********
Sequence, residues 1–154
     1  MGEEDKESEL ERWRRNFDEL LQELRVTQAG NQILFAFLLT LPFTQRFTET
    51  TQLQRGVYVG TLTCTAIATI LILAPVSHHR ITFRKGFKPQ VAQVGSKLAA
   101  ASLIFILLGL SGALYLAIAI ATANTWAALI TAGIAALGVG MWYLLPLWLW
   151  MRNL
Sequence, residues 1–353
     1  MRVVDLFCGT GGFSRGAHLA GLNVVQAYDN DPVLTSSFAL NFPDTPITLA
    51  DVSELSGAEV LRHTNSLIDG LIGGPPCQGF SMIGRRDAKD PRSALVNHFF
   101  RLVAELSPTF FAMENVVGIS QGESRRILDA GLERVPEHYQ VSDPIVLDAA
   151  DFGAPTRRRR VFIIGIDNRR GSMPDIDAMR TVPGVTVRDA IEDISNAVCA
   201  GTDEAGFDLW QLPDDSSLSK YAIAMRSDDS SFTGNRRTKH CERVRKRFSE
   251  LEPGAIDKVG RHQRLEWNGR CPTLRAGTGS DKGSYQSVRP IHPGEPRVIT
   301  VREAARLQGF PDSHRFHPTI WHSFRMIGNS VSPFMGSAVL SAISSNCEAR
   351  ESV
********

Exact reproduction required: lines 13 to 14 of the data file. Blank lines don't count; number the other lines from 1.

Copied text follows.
   301  VREAARLQGF PDSHRFHPTI WHSFRMIGNS VSPFMGSAVL SAISSNCEAR
   351  ESV